Trading Jamie McBain

There was a time when the the Hurricanes were carrying nine defensemen on the roster but that number has now dwindled down to seven, but you can still make the argument that Carolina has eight NHL-ready defensemen in their system, which is why there has been a lot of buzz about Carolina possibly trading one of their spare defenseman. I am all for keeping Justin Faulk in Charlotte because he is only 19 and think he could use some more time to work on his all-around game, especially with the amount of offense-first guys Carolina has on their blue line right now. That leaves seven on the roster and the two fighting for playing time are Jamie McBain and Derek Joslin. Joslin has only played one game so far this year and while he played pretty well, he finds himself sitting out tonight against New Jersey. Then there’s McBain, the player who will likely garner a bigger return. McBain has been very inconsistent this year and it would be nice to get something in return for him, but is trading him now really the correct move?

We’ll look at both sides of the coin after the jump


Why Would We Trade McBain?

I’ll revisit a point that I brought up earlier, the team really needs scoring help up front and McBain would garner the biggest return out of any of our current trade options. McBain’s coming off a pretty solid rookie season and there are some teams who need a puck-mover on their blue line would be willing to send Carolina an offer for him. In my projection for him this year, I listed Fedor Tyutin and Jordan Leopold as his comparables which would make his expected point total be from 14-32 points this season, which isn’t bad for a defenseman and sounds about right for him.

McBain’s game is also similar to Justin Faulk’s in the sense that he is known more for their puck-moving skills than his defense. The same can be said for most of Carolina’s regular blue-liners (Pitkanen, Kaberle, Harrison’s emergence as a more offensive threat), so that doesn’t leave much room for Faulk in Raleigh at the moment. Trading McBain could free up a spot for him. McBain has been improving his two-way game this year, though but there’s been a lot of times where he’s made some ugly mistakes and they ended up being goals for the opposing team. His play this year has come with a lot of highs and lows to say the least. This would also free up a space for Derek Joslin, who I think needs to play in more games. Joslin has only gotten to play one regular season game this year and he brings a solid all-around game to the table, which I would benefit this team.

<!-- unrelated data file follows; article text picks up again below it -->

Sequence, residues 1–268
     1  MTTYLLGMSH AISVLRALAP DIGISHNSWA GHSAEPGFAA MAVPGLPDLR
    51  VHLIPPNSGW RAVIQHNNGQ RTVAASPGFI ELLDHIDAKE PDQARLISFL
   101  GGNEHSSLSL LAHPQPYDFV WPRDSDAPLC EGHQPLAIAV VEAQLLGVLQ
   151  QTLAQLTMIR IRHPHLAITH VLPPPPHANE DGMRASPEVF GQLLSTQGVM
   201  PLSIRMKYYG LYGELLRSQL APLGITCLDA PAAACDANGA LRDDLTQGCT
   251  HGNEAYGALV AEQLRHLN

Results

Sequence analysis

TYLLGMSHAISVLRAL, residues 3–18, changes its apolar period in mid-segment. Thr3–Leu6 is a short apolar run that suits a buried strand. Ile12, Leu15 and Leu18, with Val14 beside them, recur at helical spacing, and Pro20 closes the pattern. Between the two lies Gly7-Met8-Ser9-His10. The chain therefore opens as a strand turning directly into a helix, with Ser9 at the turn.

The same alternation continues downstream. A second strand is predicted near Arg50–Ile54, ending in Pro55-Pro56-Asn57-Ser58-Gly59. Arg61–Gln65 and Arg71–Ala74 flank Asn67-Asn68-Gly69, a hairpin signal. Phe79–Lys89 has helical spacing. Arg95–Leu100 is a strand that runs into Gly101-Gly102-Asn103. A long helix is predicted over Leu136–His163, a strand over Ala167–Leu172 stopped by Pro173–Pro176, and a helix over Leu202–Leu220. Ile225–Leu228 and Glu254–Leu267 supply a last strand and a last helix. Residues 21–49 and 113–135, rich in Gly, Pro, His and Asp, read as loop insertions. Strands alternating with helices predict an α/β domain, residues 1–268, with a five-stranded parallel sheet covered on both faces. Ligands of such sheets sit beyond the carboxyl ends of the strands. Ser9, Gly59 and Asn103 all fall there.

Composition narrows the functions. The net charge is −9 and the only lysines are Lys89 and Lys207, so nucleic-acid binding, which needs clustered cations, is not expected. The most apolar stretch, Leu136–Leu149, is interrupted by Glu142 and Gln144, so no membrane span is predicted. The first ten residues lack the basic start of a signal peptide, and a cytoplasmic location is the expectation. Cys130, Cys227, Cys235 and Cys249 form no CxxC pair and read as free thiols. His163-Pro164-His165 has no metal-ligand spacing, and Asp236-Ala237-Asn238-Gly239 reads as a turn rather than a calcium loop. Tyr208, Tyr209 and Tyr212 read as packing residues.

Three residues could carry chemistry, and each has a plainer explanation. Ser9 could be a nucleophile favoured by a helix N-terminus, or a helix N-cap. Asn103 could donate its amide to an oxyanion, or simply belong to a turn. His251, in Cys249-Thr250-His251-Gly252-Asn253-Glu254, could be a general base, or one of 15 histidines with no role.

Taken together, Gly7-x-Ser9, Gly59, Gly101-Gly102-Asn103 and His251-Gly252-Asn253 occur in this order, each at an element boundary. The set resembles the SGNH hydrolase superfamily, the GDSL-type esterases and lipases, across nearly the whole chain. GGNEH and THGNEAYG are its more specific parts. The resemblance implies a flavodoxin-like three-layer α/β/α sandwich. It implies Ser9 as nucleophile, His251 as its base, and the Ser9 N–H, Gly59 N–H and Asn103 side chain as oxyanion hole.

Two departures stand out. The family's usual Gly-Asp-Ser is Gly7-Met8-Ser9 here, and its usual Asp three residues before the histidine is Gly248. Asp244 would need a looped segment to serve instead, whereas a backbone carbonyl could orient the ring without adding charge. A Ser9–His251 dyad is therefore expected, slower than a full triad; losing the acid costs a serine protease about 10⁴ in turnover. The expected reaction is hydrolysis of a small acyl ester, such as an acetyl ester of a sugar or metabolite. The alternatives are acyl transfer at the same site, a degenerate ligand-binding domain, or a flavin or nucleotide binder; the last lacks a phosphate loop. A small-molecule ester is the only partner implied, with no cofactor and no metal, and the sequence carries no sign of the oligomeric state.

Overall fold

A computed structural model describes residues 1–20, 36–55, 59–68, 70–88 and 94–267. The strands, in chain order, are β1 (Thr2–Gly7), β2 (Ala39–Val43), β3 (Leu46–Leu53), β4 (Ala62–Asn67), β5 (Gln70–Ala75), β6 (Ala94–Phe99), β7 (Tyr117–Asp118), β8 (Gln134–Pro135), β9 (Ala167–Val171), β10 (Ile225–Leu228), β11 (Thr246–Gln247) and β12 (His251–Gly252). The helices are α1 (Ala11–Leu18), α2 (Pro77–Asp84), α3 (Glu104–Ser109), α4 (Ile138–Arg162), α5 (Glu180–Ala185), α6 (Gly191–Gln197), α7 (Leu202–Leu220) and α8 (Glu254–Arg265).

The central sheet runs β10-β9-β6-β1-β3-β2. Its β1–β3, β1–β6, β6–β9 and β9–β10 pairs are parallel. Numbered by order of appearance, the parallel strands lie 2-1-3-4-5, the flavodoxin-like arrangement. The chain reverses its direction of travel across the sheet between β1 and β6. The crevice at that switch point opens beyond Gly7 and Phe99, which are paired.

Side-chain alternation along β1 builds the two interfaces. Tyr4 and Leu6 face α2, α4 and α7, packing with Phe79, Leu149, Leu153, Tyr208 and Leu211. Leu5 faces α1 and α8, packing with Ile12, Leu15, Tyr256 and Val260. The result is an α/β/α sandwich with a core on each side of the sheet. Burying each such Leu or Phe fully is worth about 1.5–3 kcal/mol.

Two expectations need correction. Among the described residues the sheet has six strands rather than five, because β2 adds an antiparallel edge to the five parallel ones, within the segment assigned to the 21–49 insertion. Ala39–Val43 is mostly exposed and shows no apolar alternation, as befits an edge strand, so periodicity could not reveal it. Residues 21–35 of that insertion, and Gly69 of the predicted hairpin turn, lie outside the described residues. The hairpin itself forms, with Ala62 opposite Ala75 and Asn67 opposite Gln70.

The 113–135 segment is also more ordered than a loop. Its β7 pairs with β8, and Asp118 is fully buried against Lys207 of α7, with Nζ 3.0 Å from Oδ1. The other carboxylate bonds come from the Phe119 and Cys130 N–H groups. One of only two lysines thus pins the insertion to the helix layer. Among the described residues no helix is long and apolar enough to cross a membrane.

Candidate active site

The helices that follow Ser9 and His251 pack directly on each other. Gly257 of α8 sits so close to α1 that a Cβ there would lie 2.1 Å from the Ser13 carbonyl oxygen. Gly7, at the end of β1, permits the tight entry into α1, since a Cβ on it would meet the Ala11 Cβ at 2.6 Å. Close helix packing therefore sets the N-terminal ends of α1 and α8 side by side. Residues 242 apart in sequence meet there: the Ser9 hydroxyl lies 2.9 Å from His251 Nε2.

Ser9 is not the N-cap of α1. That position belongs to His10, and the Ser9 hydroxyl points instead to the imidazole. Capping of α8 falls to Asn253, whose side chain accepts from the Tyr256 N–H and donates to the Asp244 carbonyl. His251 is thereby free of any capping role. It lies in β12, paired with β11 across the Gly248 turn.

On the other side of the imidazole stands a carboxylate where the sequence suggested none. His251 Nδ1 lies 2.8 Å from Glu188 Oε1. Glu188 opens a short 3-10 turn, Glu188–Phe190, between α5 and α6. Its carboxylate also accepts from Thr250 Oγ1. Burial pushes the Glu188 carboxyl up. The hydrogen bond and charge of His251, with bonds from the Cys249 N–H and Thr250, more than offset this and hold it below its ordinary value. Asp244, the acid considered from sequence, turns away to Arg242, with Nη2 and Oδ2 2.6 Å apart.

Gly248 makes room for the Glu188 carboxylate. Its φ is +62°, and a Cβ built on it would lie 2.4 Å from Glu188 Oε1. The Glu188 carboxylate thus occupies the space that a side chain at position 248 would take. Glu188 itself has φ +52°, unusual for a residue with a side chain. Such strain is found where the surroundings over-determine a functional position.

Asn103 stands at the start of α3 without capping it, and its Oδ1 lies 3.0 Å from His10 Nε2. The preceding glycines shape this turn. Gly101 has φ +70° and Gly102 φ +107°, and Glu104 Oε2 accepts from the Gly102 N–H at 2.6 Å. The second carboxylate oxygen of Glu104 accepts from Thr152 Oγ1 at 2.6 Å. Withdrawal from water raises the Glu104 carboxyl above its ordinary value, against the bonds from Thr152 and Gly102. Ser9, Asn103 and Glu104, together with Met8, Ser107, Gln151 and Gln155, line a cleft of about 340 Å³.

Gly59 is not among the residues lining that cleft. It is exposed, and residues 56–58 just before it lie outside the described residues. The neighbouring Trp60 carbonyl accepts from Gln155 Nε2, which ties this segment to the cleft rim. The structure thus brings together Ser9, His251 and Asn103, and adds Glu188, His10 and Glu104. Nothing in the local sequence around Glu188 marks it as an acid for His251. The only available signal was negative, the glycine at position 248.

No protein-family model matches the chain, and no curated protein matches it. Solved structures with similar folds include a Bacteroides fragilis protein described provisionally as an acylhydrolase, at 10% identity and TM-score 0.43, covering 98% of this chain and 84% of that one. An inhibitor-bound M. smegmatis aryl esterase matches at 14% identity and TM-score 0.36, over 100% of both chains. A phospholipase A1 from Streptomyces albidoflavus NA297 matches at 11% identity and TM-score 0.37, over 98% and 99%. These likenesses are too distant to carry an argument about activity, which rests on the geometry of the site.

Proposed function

There’s actually a few teams who I think McBain would be a top-4 defender on so I think his name has to be on the table now with Carolina having scoring problems and a logjam on defense. However, there’s plenty of reasons why holding onto McBain might be the right call.

Why Wouldn’t We Trade McBain?

It is worth noting that McBain is still under an entry level deal and is only a RFA at the end of the year while Bryan Allen and Tim Gleason are both unrestricted. Retaining McBain would be a cheaper option than re-signing either of them in an open market, especially with how well Gleason’s played this year. It makes one less defenseman and one less roster spot we have to worry about next season. Plus, if McBain is traded now then I hope it’s for someone who can contribute immediately to the team. Let’s say that he is traded and it’s for a draft pick. That would mean someone else in the defense corps needs to step up and play top-four minutes. Who would do that? Kaberle and Harrison could and possibly Faulk if he’s called up but Joslin has been a bottom-pairing player for his entire career. I like him but I don’t think anyone can argue that he’s a better player than McBain. There’s just that huge risk factor which worries me when trading McBain.

Another thing is that McBain has plays a pretty big role on this team. As I noted earlier, he plays top-four minutes, has seen some very tough competition this year (43.6 OZone%) and, despite a very rough patch of games recently, hasn’t been bad. I don’t trust relative corsi rate that much but the raw data has him above .500 in terms of corsi and his scoring chance percentage is not terrible either. He is one of those defensemen who is normally steady and a good player for the most part, but their mistakes frequently end up resulting in goals for the opposing team. I like to call it “Tomas Kaberle syndrome” but it’s also known as “Mike Green/Braydon Coburn syndrome” depending on who you talk to and what team they root for. We can’t just plug Faulk, Harrison or Joslin into McBain’s role and expect them to replace everything without any problems. There are going to be some growing pains. I’m interested to see how a Pitkanen-Kaberle pairing does, though.

My point is, I see McBain as someone who can significantly help this team, but his inconsistencies and large number of solid defensemen in Carolina’s system make him an attractable trade option. I am not against trading him but if we do, then I hope it’s for a forward who can contribute immediately. Personally, I don’t think McBain will fetch that much in a trade but teams looking for a puck-mover and have forwards to spare may give up one with top-six potential in return for him. That’s at least what I hope to get if we do end up trading him. The general consensus is that the Canes aren’t that good of a team this season (which has been the case so far) and the “right” thing to do would be to trade all expiring contracts for draft picks. McBain is a piece who I think the team could use in their rebuild so instead of just shipping him off for a draft pick, a better option would be to get a younger forward who could contribute this year or in the next year or two. That’s only if the offer is right because I do not like the idea of trading a player just for the sake of it.